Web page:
Sunday, August 12, 2007

There is no Direct Correlation Between Devoted Effort and Final Value

As I make my way around the blogosphere and the internet medical community, I consistently hear an argument that is blatantly false. This is the argument that physicians should be well paid because they train for so long and pay a lot of money for the training. This argument is based on a fundamental lack of understanding of basic economics. It is also dangerous, because it detracts from a legitimate understanding within the medical community as to why we are worth a lot of money. In this blurb, I'm going to attempt to tease out the subtle, but extremely important, difference between a truly valuable good and service and a good or service that requires a significant amount of effort to produce.

I majored in Anthropology in college. I once had an advisor tell me that Anthropology had the longest average graduate school period, which is approximately 9 years between receiving ones BA and receiving ones PhD. Anthropology graduate school is a tedious process, one which I was frequently exposed to during my undergraduate training in the discipline. Many graduates would spend years in a laboratory, sorting microscopic pottery fragments that they had spent previous years tediously digging out of the ground in a variety of inhospitable places. This often included sleeping in the dirt, spending all day covered in mud, and exposing oneself to all sorts of vile insects and other not so pleasent creatures. This is the life of many anthropology graduate students. It will be followed by many months typing hundreds of pages explaining the above findings in details after which the graduate will have to defend those tedious notes to a group of people that will attempt to tear him apart.

The first thing that one might notice about this, is that the average time between college graduation and completion of training is the same for an anthropology graduate student and a general surgeon, nephrologist, and a whole host of other medical specialties and subspecialties. As a specialty that is reasonably attainable and representative of what we'll call the "average physician," I'll make most of my future comparisons with Internal Medicine. It is also close to the bottom of the salary scale, so most physicians should find internist income attainable. According to the Allied Physicians salary survey at: http://www.allied-physicians.com/salary_surveys/physician-salaries.htm , the average internist starts at $154,000/year. Since total graduate and post-graduate training in this specialty is only 7 years, this puts the internist $308,000 ahead of the anthropology student in income, more than enough to offset the differences in total debt (which are large, but not as large as many medical students would like to think).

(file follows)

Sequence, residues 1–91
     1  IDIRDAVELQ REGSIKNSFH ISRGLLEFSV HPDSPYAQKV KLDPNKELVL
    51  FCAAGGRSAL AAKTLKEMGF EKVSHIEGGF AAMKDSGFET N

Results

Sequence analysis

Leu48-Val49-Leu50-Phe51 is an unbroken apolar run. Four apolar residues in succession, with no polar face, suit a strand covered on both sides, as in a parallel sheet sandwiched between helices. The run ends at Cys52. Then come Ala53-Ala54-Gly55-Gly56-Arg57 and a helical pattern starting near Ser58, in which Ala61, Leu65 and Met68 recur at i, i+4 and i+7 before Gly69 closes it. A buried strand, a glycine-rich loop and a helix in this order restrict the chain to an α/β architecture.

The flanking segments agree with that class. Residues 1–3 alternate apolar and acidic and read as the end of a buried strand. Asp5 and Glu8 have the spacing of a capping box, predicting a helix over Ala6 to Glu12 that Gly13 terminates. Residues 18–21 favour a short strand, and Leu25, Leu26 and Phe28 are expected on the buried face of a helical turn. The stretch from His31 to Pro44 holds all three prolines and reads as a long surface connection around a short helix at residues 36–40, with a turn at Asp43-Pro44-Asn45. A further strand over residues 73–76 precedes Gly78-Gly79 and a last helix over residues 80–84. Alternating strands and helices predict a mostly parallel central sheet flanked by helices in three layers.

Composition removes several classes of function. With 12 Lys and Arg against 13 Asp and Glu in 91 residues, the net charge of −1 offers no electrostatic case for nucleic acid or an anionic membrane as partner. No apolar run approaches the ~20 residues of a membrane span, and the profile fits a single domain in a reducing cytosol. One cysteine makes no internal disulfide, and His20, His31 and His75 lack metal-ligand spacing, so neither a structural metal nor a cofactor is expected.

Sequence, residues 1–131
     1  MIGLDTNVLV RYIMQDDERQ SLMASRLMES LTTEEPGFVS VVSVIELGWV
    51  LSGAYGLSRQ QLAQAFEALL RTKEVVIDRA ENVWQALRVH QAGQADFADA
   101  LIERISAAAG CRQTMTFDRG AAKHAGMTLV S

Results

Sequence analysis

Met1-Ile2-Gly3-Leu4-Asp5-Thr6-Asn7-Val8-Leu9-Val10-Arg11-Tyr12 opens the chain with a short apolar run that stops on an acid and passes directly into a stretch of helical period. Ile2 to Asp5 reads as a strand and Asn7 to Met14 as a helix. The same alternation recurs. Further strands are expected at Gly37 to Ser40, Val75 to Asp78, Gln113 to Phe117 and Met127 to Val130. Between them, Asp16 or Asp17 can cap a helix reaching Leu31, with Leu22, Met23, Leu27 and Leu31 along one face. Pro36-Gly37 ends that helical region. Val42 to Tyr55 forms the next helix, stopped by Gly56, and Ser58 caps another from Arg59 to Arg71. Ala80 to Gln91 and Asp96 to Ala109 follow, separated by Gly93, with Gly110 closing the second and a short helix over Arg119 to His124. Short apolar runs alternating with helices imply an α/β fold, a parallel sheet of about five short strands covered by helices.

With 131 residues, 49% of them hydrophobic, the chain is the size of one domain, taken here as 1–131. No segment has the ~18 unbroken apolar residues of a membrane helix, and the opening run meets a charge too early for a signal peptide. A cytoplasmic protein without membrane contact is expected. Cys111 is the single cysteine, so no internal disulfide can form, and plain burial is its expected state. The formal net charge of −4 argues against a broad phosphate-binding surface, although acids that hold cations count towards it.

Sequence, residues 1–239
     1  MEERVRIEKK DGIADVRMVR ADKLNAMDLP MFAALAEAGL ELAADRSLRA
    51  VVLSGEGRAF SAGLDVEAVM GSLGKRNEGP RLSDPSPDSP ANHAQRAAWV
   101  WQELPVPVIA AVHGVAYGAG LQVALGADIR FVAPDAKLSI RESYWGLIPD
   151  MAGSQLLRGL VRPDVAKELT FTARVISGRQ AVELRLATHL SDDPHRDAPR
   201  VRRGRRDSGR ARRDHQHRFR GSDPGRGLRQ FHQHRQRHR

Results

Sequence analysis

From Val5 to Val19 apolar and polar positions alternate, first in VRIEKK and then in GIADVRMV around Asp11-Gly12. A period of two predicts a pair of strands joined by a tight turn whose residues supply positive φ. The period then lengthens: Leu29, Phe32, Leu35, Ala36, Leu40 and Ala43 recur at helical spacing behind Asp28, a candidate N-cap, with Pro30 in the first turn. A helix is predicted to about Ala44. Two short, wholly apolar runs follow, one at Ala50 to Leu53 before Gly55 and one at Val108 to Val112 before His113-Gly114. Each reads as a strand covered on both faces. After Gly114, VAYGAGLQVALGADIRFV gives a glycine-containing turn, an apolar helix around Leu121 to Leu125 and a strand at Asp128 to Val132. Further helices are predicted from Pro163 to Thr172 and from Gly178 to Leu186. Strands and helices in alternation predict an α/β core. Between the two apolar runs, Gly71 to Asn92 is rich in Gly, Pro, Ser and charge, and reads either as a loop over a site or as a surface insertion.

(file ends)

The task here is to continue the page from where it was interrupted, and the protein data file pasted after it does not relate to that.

So, what is the average salary of a starting professor of anthropology? In sociology (which is if anything higher paid), average salaries of an associate professor according to monster.com (and academic positions are highly competative) hover around $60,000/year. This is about 40% of the internist, whose position is relatively non-competative compared to those who he is competing against.

So, why is the internist paid more? In fact, why has he consistently been paid more over the course of an ever evolving healthcare system ever since the advent of medicine based on science? It's simple. His services are considered more valuable to more people. As I've said in previous posts, economic value is subjective. Anthropology is a fascinating field, but it's also an esoteric discipline, with very minimal value to the average person.